German town suggests expansion of Tesla plant on a smaller scale

A general view of the Tesla factory in Gruenheide. After an attack on the power supply of the electric car manufacturer Tesla, the factory is back on the grid after a power cut lasting several days. It could take some time to ramp up production. According to a report by "Table Media", Tesla boss Musk visited the plant near Berlin on Wednesday. The car manufacturer did not comment on this on Tuesday. Carsten Koall/dpa

The small town of Grünheide outside Berlin has suggested scaling down plans by Tesla to massively expand its electric car factory there.

On Thursday, the municipality presented proposals for a new version of the development plan. The amended plan, which was posted on the Grünheide town website, still needs to be publicly displayed before community representatives can vote on it.

In a non-binding referendum three weeks ago, the residents of Grünheide voted against the clearing of 100 hectares of forest.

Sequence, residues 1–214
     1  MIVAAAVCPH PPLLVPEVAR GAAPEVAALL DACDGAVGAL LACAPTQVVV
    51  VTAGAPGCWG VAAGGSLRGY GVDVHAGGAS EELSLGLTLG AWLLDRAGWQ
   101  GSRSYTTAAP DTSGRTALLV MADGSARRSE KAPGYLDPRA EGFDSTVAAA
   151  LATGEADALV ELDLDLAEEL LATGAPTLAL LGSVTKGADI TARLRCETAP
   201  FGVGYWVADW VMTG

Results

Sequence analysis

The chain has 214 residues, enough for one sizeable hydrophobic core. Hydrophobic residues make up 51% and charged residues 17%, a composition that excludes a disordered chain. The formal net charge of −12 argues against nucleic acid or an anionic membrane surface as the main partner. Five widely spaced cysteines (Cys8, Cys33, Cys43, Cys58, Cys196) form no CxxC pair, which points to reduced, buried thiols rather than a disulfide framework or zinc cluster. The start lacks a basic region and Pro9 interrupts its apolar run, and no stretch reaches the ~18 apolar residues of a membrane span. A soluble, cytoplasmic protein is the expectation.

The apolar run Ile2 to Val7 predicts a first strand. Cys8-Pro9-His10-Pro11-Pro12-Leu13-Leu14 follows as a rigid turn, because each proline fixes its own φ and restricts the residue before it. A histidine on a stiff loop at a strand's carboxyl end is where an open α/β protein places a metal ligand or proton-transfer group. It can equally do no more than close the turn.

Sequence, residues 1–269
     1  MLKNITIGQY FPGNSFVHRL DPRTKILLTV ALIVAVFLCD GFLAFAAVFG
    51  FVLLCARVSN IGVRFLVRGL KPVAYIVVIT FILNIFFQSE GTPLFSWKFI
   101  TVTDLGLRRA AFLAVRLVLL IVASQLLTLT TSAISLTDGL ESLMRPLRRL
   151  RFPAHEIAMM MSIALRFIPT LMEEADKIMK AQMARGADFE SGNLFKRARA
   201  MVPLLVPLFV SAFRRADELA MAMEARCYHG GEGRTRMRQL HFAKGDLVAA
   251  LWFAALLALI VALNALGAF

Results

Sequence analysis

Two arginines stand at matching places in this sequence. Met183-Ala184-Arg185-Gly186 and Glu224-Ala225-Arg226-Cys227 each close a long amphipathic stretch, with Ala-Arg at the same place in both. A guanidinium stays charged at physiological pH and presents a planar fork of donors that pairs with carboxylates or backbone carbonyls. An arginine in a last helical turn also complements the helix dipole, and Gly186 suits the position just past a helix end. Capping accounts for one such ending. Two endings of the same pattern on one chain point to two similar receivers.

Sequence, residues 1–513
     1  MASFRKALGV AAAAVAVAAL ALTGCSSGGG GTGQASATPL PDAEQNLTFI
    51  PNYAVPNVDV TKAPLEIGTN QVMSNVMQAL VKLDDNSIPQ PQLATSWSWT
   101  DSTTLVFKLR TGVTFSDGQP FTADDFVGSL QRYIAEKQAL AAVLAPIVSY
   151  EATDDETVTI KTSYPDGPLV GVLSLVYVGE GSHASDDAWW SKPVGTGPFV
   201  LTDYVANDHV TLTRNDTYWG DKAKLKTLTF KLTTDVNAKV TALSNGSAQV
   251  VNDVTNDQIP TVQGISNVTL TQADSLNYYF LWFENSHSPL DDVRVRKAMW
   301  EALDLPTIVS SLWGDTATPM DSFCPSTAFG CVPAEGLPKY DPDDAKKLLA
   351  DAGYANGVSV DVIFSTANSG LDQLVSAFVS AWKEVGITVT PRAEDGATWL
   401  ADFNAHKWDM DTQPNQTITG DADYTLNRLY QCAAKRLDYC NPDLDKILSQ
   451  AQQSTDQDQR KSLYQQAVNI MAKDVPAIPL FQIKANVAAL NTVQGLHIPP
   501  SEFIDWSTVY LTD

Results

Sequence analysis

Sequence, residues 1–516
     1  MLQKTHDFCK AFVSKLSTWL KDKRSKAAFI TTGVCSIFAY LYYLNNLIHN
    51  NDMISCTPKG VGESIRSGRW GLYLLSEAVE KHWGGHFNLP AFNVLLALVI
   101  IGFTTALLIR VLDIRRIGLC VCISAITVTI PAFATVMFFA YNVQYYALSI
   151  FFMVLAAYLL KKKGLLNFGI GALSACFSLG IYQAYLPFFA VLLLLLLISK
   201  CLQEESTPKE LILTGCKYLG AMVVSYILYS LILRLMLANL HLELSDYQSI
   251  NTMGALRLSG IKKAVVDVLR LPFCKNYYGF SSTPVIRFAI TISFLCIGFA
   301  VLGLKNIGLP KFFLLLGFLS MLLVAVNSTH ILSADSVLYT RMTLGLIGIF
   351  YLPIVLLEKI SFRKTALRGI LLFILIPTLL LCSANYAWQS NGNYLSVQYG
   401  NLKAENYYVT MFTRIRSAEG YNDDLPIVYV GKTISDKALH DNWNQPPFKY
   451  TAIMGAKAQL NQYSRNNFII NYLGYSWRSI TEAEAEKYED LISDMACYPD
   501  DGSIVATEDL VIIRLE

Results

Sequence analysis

Grünheide's mayor, Arne Christiani, suggested that almost 50 hectares of forest be preserved and the expansion scaled down. With this suggestion, he added, the municipal administration was taking citizen's the wishes of the citizens into account.

Tesla had made this change possible by deferring some aspects of the development, the carmaker said on Thursday evening.

Tesla is focusing on the storage areas as well as production-related ancillary facilities necessary for climate-neutral logistics at the plant, it said.

Tesla had originally also wanted to build a freight station, warehouses and a daycare centre on an area next to the factory premises.

Tesla now also says it will not need more water for its expansion, in contrast to earlier projections. The company said it is prepared to forego water volumes for the first expansion stage and is negotiating with the local water provider.

The Strausberg-Erkner Water Association (WSE) supplies 170,000 people in the area and has a contract to supply the Tesla facility with up to 1.8 million cubic meters of water per year.

Tesla's European Gigafactory in Grünheide has proven divisive since before it even opened in March 2022.

It employs around 12,000 people in an area that has been eager to attract investment, but there has also been apprehension surrounding Tesla's environmental and labour policies.

Tesla has rejected allegations of causing ecological damage.